The SS Sicamous was decked out in poppies on Remembrance Day and lights at Christmas time. The Sicamous won’t be able to open again because of COVID restrictions. (Monique Tamminga - File photo)
The SS Sicamous was decked out in poppies on Remembrance Day and lights at Christmas time. The Sicamous won’t be able to open again because of COVID restrictions. (Monique Tamminga - File photo)

The SS Sicamous was decked out in poppies on Remembrance Day and lights at Christmas time. The Sicamous won’t be able to open again because of COVID restrictions. (Monique Tamminga - File photo) The SS Sicamous was decked out in poppies on Remembrance Day and lights at Christmas time. The Sicamous won’t be able to open again because of COVID restrictions. (Monique Tamminga - File photo)

Penticton’s historic paddlewheeler likely won’t open for a second year

The SS Sicamous Society is getting lots of restoration work done during the closure

The historic SS Sicamous won’t open for a second season due to COVID-19 restrictions.

“Even though we’d love to get things open again we have several hurdles to overcome,” said the SS Sicamous Society.

The numbers allowed indoors don’t make opening feasible, the society said.

Also, the sanitizers used to disinfect services are extremely harmful to the artifacts.

The Society has been approved for some student grants that cover a portion of their wages. However, until the restrictions are lifted they couldn’t cover the portion of wages they would need to come up with.

The non-profit society, made up of volunteers, counts on visitors’ entrance fees and weddings for revenue, but none of that has been able to happen because of COVID.

The society is using the time they are closed to get some much-needed restoration and maintenance work completed.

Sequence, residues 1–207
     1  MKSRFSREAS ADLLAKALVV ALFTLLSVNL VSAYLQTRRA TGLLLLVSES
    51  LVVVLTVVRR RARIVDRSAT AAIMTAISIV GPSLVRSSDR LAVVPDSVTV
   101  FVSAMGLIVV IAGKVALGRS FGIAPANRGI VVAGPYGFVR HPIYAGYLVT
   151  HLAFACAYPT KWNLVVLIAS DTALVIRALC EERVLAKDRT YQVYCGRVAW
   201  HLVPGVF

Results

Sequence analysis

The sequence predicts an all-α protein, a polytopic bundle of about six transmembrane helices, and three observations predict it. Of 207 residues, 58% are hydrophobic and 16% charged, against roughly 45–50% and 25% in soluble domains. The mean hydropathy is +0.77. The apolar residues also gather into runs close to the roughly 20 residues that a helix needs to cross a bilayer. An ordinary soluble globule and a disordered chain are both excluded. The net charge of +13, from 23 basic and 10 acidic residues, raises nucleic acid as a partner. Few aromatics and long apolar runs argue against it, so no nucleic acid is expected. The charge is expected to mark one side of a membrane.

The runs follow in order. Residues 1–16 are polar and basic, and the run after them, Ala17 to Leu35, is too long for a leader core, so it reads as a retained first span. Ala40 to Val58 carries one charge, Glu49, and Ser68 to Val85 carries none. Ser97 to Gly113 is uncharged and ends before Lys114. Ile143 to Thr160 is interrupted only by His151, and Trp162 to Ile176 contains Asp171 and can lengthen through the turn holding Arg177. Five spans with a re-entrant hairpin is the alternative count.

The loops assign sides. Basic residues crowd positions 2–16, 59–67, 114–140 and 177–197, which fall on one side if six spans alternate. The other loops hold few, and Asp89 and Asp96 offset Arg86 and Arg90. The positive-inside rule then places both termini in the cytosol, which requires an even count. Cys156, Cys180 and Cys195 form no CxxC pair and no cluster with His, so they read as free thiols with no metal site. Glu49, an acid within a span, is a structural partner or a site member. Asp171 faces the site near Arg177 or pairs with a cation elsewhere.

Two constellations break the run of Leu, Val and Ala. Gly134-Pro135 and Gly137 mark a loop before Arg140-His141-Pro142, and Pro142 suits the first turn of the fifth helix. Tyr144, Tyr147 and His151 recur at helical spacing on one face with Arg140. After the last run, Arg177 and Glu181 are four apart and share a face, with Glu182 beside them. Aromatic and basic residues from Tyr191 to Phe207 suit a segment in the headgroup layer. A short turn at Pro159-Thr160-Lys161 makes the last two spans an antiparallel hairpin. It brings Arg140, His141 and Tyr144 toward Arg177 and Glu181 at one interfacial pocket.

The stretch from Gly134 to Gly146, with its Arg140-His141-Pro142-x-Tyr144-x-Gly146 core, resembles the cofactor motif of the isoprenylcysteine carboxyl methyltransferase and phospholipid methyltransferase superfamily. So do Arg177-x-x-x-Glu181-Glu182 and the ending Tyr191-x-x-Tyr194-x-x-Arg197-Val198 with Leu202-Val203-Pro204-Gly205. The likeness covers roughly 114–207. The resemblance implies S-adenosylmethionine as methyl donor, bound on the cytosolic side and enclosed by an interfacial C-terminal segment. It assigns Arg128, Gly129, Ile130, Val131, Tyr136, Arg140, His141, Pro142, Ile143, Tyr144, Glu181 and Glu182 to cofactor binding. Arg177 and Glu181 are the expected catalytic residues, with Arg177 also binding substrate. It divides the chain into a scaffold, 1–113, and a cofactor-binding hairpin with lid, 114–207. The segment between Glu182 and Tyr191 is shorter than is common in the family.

Volunteers at the S.S. Sicamous took the opportunity to work on the restoration of areas that are normally well-traveled by the public.

A dedicated team of volunteers with the support of local businesses like Neil Campbell from Wildfire Consulting, made it possible to start replacing some of the rotting deck posts on the S.S. Sicamous.

Campbell showed up with his portable sawmill and was able to re-mill some timbers they had in storage to a more usable size.

The posts replicate to old original deck posts on the ship.

Neil Campbell recently volunteered his time to build new posts that replicate the original ones built for the Sicamous. (Submitted)

Neil Campbell recently volunteered his time to build new posts that replicate the original ones built for the Sicamous. (Submitted)

The Sicamous is the largest surviving sternwheeler now permanently located on the beach of Okanagan Lake in Penticton.

There were once sternwheelers and tugs all over the lakes and rivers of B.C. This part of our history is quickly being lost, as the ships are lost to decay, torn apart for scrap, or lost to fire. Without restoration, these physical reminders of the past would not survive, and would not be preserved for future generations if not for the volunteers.

A tour of inside the ship is a step back in time with living quarters restored and recreated, access to the wheelhouse where the large steering wheel is intact and all the top decks.

At the front entrance of the ship is the KVR Model Railway Club’s immense scale model of the Kettle Valley Railway tjat visitors can operate. The model railway covers much of the cargo deck on the SS Sicamous.

To report a typo, email: editor@pentictonwesternnews.com.


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